Some old sea lions can exhibit pain from their canine teeth that superficially appear healthy. Examination under sedation can reveal deep periodontal pockets with a purulent discharge, although the teeth that have bulbous roots will still be well retained in their sockets. A shortterm course of antibiotics will control an acute phase of infection, but in the long term, extraction of the effected teeth is the treatment of choice. The removal of these teeth can be challenging as these older animals have fully formed roots to their canines and the consistency of the alveolar bone is much less flexible than encountered in young animals.
Captive sea lions between the age of 18 months and 3 years often exhibit severe damage to their permanent dentition, with exposures of their pulp cavities. The affected teeth are usually the mandibular incisors, canines, and premolars. It is suspected that the loss of tooth substance is caused through abrasion with non-dental structures. The aetiology of the condition is unclear as some animals have been observed to play with pebbles, or chew the structure of their pool, whilst other sea lions that show signs of severe tooth wear have not been observed to engage in such behaviour.
Because sea lions have a long growth period before reaching maturity, and do not have a postnatal primary dentition, the teeth of these animals, especially the roots of the canine teeth have a prolonged period of development. Due to this long period of development the pulp cavities remain large and the apices stay dilated to facilitate root growth to maturity. These large pulp-cavities have the feature of maintaining the vitality of the exposed pulp through the formation of “pulp polyps”, but at the same time afford a very large space for harbouring bacteria once the pulp tissue has become necrotic.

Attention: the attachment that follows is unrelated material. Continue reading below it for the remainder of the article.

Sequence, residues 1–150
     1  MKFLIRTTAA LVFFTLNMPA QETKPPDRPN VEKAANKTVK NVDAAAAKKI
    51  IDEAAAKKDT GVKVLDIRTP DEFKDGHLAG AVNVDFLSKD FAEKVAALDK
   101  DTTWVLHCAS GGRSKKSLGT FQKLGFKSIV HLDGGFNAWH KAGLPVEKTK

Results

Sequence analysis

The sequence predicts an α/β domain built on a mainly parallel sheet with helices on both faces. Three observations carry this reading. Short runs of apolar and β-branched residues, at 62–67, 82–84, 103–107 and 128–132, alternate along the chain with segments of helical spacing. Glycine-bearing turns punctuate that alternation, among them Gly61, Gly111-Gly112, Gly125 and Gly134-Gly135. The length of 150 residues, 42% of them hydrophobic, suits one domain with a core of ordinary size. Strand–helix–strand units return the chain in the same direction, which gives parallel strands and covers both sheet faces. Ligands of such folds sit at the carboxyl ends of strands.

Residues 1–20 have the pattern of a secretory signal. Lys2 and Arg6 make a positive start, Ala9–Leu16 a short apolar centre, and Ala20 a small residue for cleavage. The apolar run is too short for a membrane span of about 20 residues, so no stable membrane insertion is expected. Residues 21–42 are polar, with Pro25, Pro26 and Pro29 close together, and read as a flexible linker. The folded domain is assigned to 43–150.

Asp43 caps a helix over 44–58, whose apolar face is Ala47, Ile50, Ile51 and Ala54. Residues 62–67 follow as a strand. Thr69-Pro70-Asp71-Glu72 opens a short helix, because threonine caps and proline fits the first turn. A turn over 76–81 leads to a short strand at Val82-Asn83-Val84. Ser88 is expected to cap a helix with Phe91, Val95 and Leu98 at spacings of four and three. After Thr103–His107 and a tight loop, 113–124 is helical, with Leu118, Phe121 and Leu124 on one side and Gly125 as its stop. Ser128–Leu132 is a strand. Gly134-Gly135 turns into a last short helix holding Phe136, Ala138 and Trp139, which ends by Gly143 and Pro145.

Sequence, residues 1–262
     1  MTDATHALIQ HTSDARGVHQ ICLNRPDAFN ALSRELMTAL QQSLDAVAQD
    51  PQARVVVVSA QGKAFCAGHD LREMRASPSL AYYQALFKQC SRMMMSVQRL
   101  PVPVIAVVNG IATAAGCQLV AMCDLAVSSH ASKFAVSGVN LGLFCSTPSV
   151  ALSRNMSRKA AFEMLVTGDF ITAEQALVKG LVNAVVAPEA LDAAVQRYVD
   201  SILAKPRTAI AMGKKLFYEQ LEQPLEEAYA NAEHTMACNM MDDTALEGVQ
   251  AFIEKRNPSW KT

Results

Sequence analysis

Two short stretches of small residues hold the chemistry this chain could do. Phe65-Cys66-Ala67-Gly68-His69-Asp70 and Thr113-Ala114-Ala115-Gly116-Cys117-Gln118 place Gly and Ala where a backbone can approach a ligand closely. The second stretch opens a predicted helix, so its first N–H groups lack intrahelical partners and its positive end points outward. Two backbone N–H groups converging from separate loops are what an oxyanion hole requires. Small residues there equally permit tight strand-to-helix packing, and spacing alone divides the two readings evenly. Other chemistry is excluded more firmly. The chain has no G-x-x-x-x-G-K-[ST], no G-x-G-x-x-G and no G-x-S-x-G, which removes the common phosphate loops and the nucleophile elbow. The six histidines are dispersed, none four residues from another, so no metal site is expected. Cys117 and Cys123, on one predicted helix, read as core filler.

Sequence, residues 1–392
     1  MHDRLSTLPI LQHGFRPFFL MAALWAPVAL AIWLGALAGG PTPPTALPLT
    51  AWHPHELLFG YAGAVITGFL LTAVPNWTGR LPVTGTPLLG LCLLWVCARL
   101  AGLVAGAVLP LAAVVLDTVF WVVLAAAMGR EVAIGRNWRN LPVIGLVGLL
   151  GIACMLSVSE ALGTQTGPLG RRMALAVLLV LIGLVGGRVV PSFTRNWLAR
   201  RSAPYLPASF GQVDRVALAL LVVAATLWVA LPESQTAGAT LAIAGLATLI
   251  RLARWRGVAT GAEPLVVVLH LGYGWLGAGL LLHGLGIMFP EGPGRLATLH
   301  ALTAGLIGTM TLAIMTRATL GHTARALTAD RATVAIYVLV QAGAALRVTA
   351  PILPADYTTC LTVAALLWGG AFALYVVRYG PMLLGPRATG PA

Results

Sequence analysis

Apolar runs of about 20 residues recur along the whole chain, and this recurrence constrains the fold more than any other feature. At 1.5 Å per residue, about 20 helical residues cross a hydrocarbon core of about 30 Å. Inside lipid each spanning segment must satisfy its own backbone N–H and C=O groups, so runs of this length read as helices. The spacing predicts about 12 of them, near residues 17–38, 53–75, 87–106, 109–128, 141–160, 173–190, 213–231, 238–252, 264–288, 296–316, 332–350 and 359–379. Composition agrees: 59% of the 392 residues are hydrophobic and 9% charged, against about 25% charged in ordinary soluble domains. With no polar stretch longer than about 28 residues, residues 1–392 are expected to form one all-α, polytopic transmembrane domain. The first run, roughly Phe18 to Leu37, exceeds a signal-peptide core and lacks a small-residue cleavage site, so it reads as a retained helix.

Pulp necrosis is followed by periapical abscess formation, where the animals often exhibit a mandibular swelling, malaise, and localised pain. The infection responds to systemic antibiotics, but usually reoccurs, the lower canine teeth occasionally forming an extra-oral sinus tract at the ventral aspect of the mandibular symphysis or intra-orally at the lingual aspect of the effected tooth.
In a captive environment these teeth do not have a functional use in the sea lion. Also, the immature state of the pulp cavities and the apical foraminae are not commensurate with the principles of root canal treatment. At the same time pulp therapy to maintain the vitality of these teeth cannot be considered to be predictable, and the many teeth that are usually involved in each animal would require a very long general anaesthetic with no long-term benefit to the animal. Therefore, in these cases extraction of the damaged teeth offers the most practical and beneficial therapy.
Extraction of the sea lion’s canine teeth follows standard oral surgical principles, but the bulbous roots require judicious removal of alveolar bone before elevation is attempted so as not to fracture the mandible. The suture line of the mucoperiosteal flaps frequently breaks down in the aquatic environment, but the sockets heal through secondary intention within a short period of time. Postoperatively the animals exhibit normal feeding behaviour and the mandibles continue to develop normally.